|Publication number||US8034033 B2|
|Application number||US 11/766,916|
|Publication date||Oct 11, 2011|
|Filing date||Jun 22, 2007|
|Priority date||Apr 13, 2007|
|Also published as||US20080255515, US20080255523, WO2008128074A2, WO2008128074A3|
|Publication number||11766916, 766916, US 8034033 B2, US 8034033B2, US-B2-8034033, US8034033 B2, US8034033B2|
|Original Assignee||Yair Grinberg|
|Export Citation||BiBTeX, EndNote, RefMan|
|Patent Citations (34), Non-Patent Citations (3), Classifications (25), Legal Events (1)|
|External Links: USPTO, USPTO Assignment, Espacenet|
The present application is based on provisional application Ser. No. 60/911,634, filed Apr. 13, 2007 the entire contents of which are herein incorporated by reference.
1. Technical Field
The present disclosure relates to hypodermic syringes and, more specifically, to hypodermic syringes with vial attachment.
2. Discussion of the Related Art
In the course of administering medication to a patient by hypodermic injection, a syringe is filled from a vial of medication. While the vial is generally pre-labeled according to its contents, the syringe is generally unlabeled when removed from sterile wrapping. Medical practitioners such as physicians, nurses and medical technicians, may take the time to manually label a syringe after drawing medication from a vial. A syringe that is so-labeled reduces the chance of administering an incorrect medication, an occurrence that is commonly known as syringe swap error.
Syringe swap error may be a particular risk in the field of anesthesiology where multiple different medications are used and a particular medication may be called upon at a moment's notice. For example, some medications must be administered in rapid succession.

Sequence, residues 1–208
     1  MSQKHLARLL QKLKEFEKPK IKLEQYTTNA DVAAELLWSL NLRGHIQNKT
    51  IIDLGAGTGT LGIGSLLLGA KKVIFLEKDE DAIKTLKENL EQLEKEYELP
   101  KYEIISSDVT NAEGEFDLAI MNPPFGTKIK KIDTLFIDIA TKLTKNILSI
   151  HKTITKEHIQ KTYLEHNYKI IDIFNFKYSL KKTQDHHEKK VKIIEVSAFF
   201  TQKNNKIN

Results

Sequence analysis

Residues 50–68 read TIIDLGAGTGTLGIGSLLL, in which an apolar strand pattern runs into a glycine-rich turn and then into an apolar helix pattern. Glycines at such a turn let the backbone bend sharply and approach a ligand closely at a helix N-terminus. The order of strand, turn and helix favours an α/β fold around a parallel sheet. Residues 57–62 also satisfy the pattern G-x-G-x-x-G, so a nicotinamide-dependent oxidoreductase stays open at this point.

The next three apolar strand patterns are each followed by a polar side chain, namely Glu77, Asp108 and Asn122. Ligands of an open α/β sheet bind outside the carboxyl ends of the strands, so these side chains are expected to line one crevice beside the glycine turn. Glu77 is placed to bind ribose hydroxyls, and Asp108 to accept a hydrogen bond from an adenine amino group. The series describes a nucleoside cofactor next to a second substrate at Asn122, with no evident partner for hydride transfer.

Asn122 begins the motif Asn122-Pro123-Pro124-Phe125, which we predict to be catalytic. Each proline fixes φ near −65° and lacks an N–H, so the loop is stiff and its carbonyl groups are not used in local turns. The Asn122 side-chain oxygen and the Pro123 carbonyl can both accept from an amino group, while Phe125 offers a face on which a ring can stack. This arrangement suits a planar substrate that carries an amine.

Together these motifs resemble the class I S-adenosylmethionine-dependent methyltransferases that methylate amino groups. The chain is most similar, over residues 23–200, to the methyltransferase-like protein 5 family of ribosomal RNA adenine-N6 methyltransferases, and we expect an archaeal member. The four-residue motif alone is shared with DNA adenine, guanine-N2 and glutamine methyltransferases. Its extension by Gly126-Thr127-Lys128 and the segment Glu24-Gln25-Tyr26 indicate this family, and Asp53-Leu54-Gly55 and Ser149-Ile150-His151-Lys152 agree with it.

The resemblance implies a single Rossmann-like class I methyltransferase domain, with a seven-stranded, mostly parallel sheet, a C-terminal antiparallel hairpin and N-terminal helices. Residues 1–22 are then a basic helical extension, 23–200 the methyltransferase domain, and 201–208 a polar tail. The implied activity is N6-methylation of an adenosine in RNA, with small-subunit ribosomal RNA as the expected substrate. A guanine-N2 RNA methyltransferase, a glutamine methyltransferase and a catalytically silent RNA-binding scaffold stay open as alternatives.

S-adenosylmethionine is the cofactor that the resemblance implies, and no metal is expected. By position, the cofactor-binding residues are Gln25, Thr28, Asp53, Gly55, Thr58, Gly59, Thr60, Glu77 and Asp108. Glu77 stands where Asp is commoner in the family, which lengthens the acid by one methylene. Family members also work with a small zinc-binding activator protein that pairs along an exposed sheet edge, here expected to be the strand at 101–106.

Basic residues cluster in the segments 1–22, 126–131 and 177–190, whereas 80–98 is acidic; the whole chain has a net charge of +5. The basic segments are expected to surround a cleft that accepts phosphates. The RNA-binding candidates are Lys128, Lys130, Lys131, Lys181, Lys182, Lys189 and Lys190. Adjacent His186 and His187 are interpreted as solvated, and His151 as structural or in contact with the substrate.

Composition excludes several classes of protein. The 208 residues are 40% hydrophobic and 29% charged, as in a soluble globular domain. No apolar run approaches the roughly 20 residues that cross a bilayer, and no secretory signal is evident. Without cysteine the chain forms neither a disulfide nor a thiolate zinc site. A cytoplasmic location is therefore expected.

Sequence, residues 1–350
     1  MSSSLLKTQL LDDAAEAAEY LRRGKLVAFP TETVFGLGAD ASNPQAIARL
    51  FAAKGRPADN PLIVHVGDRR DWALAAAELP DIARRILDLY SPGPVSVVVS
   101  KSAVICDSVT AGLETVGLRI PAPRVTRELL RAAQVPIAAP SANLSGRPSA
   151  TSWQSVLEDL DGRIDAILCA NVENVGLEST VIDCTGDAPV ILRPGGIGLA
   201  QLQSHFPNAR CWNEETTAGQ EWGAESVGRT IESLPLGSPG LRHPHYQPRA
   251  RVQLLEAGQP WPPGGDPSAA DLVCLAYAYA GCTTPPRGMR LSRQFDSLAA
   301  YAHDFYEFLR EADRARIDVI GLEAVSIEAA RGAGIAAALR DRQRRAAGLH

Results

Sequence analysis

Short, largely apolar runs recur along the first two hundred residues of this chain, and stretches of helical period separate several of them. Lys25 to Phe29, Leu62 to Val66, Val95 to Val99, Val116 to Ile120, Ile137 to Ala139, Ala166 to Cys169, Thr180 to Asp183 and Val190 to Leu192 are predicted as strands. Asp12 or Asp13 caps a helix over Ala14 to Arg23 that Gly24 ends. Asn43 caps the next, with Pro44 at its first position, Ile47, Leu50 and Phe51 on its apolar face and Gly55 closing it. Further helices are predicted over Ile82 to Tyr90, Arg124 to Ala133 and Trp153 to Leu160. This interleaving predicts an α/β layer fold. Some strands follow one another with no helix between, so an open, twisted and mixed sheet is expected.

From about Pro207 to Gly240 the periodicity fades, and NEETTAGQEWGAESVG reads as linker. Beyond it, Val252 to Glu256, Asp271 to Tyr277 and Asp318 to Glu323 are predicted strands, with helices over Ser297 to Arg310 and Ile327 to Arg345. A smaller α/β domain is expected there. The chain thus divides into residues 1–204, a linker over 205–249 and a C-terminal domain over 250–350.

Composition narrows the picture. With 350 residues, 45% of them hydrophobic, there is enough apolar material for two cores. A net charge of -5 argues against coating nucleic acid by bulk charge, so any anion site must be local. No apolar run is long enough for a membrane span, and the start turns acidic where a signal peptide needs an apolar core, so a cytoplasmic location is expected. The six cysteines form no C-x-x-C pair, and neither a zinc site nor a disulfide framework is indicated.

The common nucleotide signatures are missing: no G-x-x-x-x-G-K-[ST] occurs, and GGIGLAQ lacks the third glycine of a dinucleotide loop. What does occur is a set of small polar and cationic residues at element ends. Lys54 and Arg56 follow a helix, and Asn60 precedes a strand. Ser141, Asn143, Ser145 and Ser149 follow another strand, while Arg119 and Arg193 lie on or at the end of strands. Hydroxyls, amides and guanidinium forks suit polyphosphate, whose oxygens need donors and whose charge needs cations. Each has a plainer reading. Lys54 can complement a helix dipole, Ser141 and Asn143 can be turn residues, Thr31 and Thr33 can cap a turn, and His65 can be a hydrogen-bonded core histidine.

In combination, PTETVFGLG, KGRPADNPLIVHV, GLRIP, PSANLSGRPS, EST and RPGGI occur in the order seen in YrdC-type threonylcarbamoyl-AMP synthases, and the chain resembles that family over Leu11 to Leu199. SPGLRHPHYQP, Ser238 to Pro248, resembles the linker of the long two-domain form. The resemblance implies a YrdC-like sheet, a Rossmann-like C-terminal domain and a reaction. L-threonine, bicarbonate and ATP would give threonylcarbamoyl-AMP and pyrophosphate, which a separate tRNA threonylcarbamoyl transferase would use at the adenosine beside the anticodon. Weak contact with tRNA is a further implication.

Multiple medications may be drawn up in multiple syringes and labeled in the course of preparing for a surgical case, however this process may be time consuming and may itself be prone to error. In the real-world setting, medical practitioners may be unwilling and/or unable to take the time to properly label each syringe. Moreover, in manually labeling each syringe, labeling errors may occur, especially where labels are written hastily. Additionally, manually labeled syringes may not be readily legible.
Manual labeling may give rise to other potential problems, for example, the type of medication may be labeled but other information such as the concentration, the inactive ingredients, and the expiration date may be omitted. Such information may even be intentionally omitted from the syringe labels but may later be needed in order to quickly determine the cause of a problem in the event of complications, at which point, the vial may have since been deposited in a sharps container and may be irretrievable.
Labels may be preprinted in an attempt to minimize some of the problems discussed above; however, preprinted labels may be mistakenly applied to the wrong syringe. Moreover, the use of adhesive labels may be problematic when working with gloved hands, as is generally the case in operating rooms.